Monday, May 23, 2011

Condescension for Readers

1. I am presently doing Bible study on Ephesians.

The Protestant Bible is composed of 66 books and is divided into two parts: the  Old Testament and the New Testament.

The Old Testament is consisted of 39 books and the New Testament is consisted of 27 books.

Ephesians is a book in the New Testament of the Bible.

Besides using Gordon H. Clark's Ephesians as a study aid, I am also using the following three versions of the Bible as my primary study Bibles:

  •    LEB - Lexham English Bible (2010)
  •    ESV - English Standard Version (2007)
  •    HCSB - Holman Christian Standard Bible (2009)

2. All three versions are word-for-word translation of the Bible.

In terms of literalness of translation:the LEB is very literal, the ESV is more  idiomatic, and the HCSB is the most idiomatic of the three.

Except for a few words of Aramaic, the New Testament was written in Greek.

Since I don't know Greek, I relied on a literal translation such as the LEB to  function as a control to gauge how idiomatic are the other translations.

I use more than one version for Bible study so that, hopefully, any translation bias in one version will be compensated by the other versions.

3. The Greek New Testament does not have any punctuations.

Ephesians is a book in the New Testament written by Paul the Apostle and is  divided into six chapters.

Each chapter is further divided into a number of verses.

Chapter 3 of Ephesians has 21 verses.

The division of each book of the Bible into chapters and verses facilitates the  location of information.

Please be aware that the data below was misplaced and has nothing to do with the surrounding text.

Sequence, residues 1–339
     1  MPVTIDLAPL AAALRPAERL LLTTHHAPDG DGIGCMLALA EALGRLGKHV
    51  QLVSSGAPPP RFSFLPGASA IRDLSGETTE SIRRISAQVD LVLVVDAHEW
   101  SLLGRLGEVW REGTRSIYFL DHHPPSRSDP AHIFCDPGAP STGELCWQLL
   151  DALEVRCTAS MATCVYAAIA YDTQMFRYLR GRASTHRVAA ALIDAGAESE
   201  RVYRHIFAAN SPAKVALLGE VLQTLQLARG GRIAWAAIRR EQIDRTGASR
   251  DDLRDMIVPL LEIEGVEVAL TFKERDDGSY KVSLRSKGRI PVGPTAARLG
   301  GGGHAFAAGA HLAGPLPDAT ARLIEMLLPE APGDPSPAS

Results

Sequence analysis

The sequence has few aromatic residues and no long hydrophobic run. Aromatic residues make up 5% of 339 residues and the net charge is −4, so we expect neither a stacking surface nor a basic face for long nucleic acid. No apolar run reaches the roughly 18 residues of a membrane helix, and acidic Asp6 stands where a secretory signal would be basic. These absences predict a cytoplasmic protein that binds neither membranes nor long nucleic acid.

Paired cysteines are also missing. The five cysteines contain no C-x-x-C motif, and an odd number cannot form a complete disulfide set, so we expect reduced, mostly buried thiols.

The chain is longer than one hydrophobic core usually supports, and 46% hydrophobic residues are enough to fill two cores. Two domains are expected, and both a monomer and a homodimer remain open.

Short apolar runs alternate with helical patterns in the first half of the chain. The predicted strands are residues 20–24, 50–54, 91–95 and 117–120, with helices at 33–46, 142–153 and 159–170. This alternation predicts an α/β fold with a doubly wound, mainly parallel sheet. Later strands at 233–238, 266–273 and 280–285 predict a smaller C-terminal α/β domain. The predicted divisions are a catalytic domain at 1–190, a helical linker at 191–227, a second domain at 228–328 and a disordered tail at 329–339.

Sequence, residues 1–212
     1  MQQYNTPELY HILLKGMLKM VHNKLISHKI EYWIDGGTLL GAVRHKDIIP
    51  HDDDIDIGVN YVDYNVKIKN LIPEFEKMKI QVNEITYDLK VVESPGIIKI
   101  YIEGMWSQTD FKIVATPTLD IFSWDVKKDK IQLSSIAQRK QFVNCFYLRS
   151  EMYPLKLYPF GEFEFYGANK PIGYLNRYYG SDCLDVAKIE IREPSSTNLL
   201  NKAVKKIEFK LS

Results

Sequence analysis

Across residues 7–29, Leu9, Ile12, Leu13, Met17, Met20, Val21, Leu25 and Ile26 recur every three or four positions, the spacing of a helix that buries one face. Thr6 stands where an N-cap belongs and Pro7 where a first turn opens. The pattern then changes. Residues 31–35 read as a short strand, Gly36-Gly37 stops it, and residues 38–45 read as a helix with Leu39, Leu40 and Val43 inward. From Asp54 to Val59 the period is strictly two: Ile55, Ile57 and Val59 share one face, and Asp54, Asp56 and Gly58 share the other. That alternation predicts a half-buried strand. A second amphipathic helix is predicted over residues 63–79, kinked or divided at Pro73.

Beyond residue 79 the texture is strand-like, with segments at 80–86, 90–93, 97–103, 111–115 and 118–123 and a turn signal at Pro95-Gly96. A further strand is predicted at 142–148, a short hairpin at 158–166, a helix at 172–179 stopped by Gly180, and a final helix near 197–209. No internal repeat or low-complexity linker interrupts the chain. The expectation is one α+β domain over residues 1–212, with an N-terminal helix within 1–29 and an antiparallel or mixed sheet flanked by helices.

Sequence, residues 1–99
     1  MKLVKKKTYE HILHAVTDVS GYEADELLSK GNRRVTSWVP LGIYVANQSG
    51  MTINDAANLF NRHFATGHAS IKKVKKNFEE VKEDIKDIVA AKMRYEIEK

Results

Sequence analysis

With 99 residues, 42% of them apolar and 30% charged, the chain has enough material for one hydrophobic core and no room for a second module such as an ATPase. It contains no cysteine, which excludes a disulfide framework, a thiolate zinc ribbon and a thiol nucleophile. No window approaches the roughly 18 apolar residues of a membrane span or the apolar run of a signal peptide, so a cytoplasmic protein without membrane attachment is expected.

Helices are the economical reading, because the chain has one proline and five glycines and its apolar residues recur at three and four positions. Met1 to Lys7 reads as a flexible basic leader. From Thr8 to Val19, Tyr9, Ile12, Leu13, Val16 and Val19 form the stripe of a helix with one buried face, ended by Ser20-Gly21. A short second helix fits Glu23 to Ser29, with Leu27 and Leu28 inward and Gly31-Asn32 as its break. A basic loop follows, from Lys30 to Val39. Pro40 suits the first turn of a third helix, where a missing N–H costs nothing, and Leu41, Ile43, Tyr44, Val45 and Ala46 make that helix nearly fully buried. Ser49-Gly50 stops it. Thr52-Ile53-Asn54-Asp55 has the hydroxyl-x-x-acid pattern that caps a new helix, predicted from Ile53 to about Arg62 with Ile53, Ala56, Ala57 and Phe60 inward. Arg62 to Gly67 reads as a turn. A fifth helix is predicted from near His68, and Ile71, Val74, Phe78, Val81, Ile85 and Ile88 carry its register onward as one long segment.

4. Regarding the sentence structure of Chapter 3, Gordon H. Clark has this to say (Clark 1985, 95):

This is a horrible sentence to punctuate. Though some versions put periods at  the ends of verses seven and twelve, the first place where a period can be put  down with certainty is at the end of verse nineteen. The New American Standard breaks it up at verse three, as well as seven, ten, twelve, and  thirteen; but this is only a condescension for American readers. The thoughts run on from verse two to thirteen, and Paul then resumes verse one in verse fourteen. Too bad: That is just the way Paul's style was.

5. As an experiment, I have juxtaposed how the three versions of the Bible I  studied with have divided Ephesians Chapter 3 into sentences.

It turns out that:

  •    LEB divides Ephesians 3 into 6 sentences.
  •    ESV divides Ephesians 3 into 9 sentences.
  •    HCSB divides Ephesians 3 into 14 sentences.

Judging by the number of sentences Ephesians 3 is divided into, it is no surprise  that the HCSB is the most readable of the three versions.

Breaking a long complex sentence into a few shorter simple sentences will  increase readability.

What might surprise some is that although the HCSB divides Ephesians 3 into  more sentences, it is still a very accurate translation.

I use LEB, ESV and HCSB as my primary study Bibles.

But by virtue of its accuracy and readability, I use the HCSB as my reading Bible.

As Gordon H. Clark has observed, breaking a long and complex sentence in  Greek into short and simple sentences in English may well be condescension to the English readers.

But I would not mind being condescended to if the result is a readable but still  accurate translation of the Bible! 

6. A pdf file showing how the three versions divide Ephesians 3 into sentences is  available: here.

The New Testament portion of the Lexham English Bible is available online: here.

(The translation of the Old Testament is still in progress.)

The entire English Standard Version of the Bible is available online: here.

The entire Holman Christian Standard Bible is available online: here.


Clark, Gordon H. 1985. Ephesians. Jefferson, Maryland: The Trinity Foundation.